For the Windows .NET Server 2003 family, the IPv6 protocol stack is a separate protocol that contains its own implementation of TCP and UDP. When used alongside the IPv4 implementation, this is known as a dual stack implementation. Figure 2-1 shows the architecture of the TCP/IP protocols for the Windows .NET Server 2003 family.
Figure 2-1. The dual stack architecture of the TCP/IP protocolsfor the Windows .NET Server 2003 family
The Microsoft TCP/IP version 6 protocol, as it is named in the list of protocols from the properties of a LAN connection in the Network Connections folder, is contained in the file named Tcpip6.sys. The IPv4 protocol, named Internet Protocol (TCP/IP) in the Network Connections folder, is contained in the file Tcpip.sys. The Tcpip6.sys protocol driver, like all other protocols in Windows, is added to the system between the Transport Driver Interface (TDI) and the Network Device Interface Specification (NDIS) layers in the Windows network architecture. Tcpip6.sys is available to TDI clients, such as the Windows Sockets components, as a TDI provider that interfaces with network adapters through NDIS. The IPv6 protocol for the Windows .NET Server 2003 family works only over network adapters whose NDIS driver represents itself as an Ethernet or FDDI interface. The IPv6 protocol for the Windows .NET Server 2003 family does not support Token Ring or PPP-based interfaces.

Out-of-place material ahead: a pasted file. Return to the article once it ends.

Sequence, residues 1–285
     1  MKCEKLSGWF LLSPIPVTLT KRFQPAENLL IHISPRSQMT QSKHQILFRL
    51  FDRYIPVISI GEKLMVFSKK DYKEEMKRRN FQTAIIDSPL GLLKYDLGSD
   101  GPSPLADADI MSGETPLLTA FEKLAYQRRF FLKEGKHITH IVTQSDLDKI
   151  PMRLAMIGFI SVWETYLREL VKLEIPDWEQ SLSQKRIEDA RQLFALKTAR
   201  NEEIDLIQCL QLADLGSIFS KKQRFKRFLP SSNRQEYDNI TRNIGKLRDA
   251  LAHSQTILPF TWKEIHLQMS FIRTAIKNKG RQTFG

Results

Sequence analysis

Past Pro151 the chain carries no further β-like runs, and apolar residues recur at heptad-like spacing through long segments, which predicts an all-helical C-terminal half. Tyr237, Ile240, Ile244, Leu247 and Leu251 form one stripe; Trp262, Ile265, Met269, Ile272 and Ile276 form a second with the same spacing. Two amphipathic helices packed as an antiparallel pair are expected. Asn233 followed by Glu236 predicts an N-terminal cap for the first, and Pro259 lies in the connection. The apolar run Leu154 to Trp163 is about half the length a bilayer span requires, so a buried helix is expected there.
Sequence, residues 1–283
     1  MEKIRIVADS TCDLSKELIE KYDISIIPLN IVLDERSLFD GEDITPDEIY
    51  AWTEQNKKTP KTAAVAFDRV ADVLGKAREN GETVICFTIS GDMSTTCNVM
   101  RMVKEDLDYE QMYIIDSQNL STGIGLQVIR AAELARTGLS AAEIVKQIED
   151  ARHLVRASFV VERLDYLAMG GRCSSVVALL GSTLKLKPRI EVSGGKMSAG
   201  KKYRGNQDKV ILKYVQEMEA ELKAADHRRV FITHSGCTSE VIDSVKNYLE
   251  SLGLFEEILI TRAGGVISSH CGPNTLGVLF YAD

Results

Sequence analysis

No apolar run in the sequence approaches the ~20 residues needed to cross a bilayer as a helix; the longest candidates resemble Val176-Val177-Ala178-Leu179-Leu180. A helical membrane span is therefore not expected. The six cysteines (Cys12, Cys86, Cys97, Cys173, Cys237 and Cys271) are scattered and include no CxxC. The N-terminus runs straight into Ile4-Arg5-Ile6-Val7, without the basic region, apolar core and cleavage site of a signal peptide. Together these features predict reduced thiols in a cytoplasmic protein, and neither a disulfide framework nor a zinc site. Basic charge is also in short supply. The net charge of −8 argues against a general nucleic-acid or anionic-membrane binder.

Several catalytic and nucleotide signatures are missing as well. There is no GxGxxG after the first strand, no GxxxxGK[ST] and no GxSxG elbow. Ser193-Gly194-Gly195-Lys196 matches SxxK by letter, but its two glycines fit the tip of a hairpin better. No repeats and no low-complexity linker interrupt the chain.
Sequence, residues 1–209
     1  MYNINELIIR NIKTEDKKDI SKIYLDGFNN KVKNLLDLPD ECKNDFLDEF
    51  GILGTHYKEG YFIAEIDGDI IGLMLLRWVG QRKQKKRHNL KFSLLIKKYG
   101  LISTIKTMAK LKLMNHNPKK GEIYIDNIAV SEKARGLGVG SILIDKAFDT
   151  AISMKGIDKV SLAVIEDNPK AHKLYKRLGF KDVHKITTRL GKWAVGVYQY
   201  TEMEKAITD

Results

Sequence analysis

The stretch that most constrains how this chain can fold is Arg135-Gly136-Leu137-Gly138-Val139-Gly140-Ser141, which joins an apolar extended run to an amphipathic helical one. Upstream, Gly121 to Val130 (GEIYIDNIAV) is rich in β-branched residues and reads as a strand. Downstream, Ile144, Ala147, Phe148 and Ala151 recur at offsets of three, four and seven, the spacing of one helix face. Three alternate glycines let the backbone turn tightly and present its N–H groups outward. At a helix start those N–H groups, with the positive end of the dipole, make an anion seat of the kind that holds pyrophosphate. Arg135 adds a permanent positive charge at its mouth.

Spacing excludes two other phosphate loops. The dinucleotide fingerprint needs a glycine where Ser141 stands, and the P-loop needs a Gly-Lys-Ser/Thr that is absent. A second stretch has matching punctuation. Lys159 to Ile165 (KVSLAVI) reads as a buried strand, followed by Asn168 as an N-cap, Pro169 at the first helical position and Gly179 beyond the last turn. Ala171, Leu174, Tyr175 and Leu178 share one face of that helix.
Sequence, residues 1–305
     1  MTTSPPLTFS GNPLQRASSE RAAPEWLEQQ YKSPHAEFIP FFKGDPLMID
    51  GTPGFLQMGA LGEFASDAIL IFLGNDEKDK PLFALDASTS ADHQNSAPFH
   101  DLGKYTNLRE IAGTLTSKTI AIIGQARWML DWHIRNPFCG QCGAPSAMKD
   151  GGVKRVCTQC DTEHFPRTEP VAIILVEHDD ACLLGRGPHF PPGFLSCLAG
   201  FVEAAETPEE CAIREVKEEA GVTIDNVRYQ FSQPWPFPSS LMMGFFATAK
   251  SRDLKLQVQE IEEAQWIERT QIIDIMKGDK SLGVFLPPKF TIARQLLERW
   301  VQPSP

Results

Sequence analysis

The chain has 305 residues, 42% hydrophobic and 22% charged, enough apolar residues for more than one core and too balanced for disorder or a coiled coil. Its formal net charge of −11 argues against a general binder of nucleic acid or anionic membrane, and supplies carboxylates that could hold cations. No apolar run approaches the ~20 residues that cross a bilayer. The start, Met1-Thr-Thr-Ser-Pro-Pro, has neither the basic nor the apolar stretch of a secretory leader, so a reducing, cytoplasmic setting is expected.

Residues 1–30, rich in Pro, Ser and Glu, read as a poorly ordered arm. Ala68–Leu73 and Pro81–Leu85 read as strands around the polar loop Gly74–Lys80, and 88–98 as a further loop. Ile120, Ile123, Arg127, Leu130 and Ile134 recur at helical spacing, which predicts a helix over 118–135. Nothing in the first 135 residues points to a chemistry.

Tcpip6.sys contains separate implementations of TCP and UDP that are functionally equivalent to the TCP and UDP provided with Windows NT 4.0 and contain all the latest security updates. TCP performance enhancements that were added to the Windows platform in Windows 2000 are not present in the TCP implementation for the Microsoft TCP/IP version 6 protocol. These performance enhancements include selective acknowledgements, TCP timestamps, better roundtrip time estimation, large TCP windows, and fast retransmit and recovery. However, the TCP implementation in the IPv6 protocol for the Windows .NET Server 2003 family does include partial synchronize (SYN) attack protection.
The ideal configuration to support both IPv4 and IPv6 is known as a dual IP layer, where only a single implementation of TCP and UDP operates over both IPv4 and IPv6. Microsoft is planning to provide a dual IP layer implementation in a future version of the Windows operating system.